This is precisely what's underway now in the ongoing CodeBreaK 101 trials. "Research collaborations have provided insights into these mechanisms of resistance enabling Amgen to initiate a master protocol where we are exploring over 10 rational combinations in the clinic," an Amgen spokesperson said in a comment. "These include combinations with targeted therapies, chemotherapy and immunotherapy."
In the study, researchers at MSK and Amgen are exploring these combinations in more than 1,200 patients with KRAS G12C-mutant solid tumors that have progressed and spread after prior treatment, including treatment with KRAS G12C inhibitors. Early data from the trial, released in October, has already demonstrated the activity of some of the combinations identified in the Nature study in patients who have become resistant to KRAS G12C inhibition.
For example, among seven colorectal cancer patients who previously received KRAS inhibitor treatment but then got on sotorasib and the MEK inhibitor trametinib, one achieved a partial response and six achieved disease control. Only three NSCLC patients in the analysis had previously received a KRAS G12C inhibitor, and two achieved disease control on treatment with sotorasib and trametinib.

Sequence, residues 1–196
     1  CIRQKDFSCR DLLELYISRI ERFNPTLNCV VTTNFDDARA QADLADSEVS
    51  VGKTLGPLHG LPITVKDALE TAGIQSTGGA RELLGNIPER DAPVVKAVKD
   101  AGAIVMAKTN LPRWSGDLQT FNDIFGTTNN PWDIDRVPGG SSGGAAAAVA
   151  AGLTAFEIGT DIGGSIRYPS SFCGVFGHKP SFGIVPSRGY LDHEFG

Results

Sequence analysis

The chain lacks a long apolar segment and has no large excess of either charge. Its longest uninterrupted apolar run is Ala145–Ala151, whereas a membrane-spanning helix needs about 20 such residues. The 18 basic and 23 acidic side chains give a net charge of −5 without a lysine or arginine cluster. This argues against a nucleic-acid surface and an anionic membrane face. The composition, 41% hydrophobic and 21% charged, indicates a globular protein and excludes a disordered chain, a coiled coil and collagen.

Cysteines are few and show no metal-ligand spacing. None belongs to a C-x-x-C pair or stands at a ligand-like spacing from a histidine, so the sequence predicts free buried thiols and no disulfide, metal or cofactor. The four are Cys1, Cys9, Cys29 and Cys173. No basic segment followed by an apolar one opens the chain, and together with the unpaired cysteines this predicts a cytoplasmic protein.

Other early data from CodeBreaK 101, presented in September, showed sotorasib in combination with EGFR inhibitor panitumumab (Amgen's Vectibix) had activity in heavily pretreated patients with KRAS-mutant colorectal cancer. The objective response rate in this 26-patient cohort, which included five patients who had prior sotorasib treatment, was 27 percent to the combination therapy. Among the five patients who had previous KRAS inhibitor treatment, four achieved stable disease on the combination.
"Understanding how resistance develops to these allele specific inhibitors is key to providing better care for patients with these mutations," Murciano-Goroff said. "Ultimately, our paper underscores the value of biomarker-driven clinical trials and research as we work to improve care for patients treated with [KRAS] G12C inhibitors who develop resistance and to tailor treatments for individual patients."